Treasurer taking a big punt on property
The Queensland State Budget released today has reinforced just how critical the property industry is to the Queensland economy, and in doing so, underscores the major gamble the Treasurer is taking by introducing a foreign investment tax.
Queensland Executive Director of the Property Council, Chris Mountford, said that the Treasurer is expecting stamp duty to grow by 5.6% and land tax to grow by 7.3% in 2016-17.
“Clearly the Treasurer’s budget bottom line has been strengthened by activity and growth in the property sector over the past 12 months, and he is banking on it continuing,” Mr Mountford said.
“This is the role the property industry wants to play in the Queensland economy – generating jobs, affordable housing and prosperity for Queenslanders.
“We know that over the past 18 months much of this has been driven by strong residential development activity, particularly in apartments in South East Queensland.
“And this is the part of the market where foreign investment has played such a powerful role in providing funding certainty and the presales required to get projects out of the ground.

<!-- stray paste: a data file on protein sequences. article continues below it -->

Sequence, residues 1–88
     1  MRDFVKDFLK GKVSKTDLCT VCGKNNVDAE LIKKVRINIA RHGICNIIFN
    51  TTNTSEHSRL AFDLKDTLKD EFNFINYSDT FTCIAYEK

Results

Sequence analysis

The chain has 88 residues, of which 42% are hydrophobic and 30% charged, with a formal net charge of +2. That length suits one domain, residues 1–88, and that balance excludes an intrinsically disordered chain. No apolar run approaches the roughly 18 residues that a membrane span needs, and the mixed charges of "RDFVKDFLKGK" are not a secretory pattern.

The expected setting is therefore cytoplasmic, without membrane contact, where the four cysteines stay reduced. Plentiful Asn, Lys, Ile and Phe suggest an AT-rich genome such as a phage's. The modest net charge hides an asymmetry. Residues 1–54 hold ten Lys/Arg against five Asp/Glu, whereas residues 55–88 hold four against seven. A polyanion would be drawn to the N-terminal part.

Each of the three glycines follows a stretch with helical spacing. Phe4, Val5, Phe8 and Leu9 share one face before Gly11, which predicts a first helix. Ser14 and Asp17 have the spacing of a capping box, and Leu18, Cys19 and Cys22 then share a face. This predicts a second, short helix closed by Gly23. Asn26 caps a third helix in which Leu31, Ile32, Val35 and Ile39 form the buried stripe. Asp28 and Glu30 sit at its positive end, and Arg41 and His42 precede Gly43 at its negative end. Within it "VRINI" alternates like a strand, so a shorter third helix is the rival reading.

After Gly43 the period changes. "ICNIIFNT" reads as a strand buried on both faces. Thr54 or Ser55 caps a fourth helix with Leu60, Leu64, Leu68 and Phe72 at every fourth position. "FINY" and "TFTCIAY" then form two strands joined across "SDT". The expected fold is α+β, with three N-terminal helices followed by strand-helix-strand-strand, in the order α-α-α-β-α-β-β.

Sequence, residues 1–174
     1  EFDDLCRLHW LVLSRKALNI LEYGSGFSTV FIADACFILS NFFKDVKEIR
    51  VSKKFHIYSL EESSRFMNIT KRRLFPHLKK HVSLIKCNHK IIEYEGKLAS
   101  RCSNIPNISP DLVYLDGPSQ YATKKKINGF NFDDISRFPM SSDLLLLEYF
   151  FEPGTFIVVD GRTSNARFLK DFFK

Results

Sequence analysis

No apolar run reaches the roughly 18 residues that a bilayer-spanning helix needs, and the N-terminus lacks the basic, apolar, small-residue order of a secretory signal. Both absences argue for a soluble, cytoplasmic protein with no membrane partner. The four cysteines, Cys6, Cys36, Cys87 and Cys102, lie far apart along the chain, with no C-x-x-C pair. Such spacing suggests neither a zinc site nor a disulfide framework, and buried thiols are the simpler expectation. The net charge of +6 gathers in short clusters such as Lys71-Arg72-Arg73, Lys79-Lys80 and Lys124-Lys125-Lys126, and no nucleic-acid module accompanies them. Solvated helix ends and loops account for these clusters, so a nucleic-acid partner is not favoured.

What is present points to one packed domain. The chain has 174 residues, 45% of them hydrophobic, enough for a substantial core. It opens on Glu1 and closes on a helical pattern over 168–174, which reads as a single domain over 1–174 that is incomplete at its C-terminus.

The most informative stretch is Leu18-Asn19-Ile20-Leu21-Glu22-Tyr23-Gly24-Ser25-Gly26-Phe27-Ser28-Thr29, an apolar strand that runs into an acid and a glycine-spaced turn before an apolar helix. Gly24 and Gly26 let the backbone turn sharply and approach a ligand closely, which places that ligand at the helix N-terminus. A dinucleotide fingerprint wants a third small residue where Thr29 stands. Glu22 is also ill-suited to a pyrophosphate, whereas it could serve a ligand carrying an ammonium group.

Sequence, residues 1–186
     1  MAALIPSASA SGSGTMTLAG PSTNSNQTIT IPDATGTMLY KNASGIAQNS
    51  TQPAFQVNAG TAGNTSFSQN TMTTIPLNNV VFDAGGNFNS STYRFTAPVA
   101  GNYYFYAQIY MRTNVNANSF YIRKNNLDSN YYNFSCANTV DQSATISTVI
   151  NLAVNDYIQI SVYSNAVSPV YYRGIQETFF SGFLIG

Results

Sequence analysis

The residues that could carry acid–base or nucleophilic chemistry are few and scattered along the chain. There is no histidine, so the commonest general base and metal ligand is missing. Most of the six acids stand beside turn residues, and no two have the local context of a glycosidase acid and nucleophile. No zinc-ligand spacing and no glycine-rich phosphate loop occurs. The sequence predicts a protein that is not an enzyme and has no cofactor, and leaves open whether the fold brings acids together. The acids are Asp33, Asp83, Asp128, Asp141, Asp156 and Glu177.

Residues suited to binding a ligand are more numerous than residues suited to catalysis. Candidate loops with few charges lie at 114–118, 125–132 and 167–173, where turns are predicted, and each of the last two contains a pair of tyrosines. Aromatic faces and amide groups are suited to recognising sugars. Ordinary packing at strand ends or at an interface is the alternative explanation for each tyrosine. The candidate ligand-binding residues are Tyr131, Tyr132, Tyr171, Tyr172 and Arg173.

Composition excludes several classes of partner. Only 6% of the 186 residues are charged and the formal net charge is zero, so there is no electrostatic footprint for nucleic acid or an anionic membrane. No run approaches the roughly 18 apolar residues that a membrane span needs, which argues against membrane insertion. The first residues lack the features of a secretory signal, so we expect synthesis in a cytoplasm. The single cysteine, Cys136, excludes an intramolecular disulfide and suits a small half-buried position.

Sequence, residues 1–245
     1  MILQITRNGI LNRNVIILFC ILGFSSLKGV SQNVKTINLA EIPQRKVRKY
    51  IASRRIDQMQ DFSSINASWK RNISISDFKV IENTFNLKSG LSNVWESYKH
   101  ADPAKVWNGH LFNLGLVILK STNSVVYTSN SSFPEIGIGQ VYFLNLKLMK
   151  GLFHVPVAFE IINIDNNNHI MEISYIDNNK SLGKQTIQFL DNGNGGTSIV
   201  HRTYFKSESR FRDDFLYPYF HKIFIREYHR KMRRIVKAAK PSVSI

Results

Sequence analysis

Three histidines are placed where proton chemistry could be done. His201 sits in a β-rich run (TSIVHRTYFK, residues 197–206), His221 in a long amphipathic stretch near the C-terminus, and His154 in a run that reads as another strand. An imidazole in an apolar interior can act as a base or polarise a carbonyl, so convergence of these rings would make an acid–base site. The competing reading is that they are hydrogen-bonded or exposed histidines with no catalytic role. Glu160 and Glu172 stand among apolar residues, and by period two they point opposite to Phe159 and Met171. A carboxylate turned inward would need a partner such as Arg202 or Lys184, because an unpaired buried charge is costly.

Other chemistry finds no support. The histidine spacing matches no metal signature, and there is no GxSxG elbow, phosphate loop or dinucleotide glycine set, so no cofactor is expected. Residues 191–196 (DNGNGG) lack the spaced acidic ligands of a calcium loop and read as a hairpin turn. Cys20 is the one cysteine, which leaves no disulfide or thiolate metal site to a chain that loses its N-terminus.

“This is also the part of the market which is already cooling, and will continue to do so over the next couple of years as this additional supply moderates further demand.
“It beggars belief that the Government is willing to risk making it even more difficult for the apartment market by slugging it with an additional stamp duty surcharge.
“It also appears likely that many developers - including house and land developers - are likely to be slugged with this tax as the Treasurer has indicated a 50% foreign owned threshold test.
“In reality tax is a cost like any other in the development process. It’s no different to concrete, bricks or drainage – it has to be passed on the end consumer if the project is going to stack up and proceed.
“So today’s budget delivers a tax that not only risks investment and jobs in the construction sector, but also risks driving up the cost of housing for Queenslanders across our cities and our suburbs.
“While the first home owners grant increase also included in the Budget is a positive step, it potentially will be undone for many first home buyers as they will need to dig into their pockets to pay this tax as part of the cost of building their new home.
“The Treasurer has certainly rolled the dice in this State Budget,” Mr Mountford said.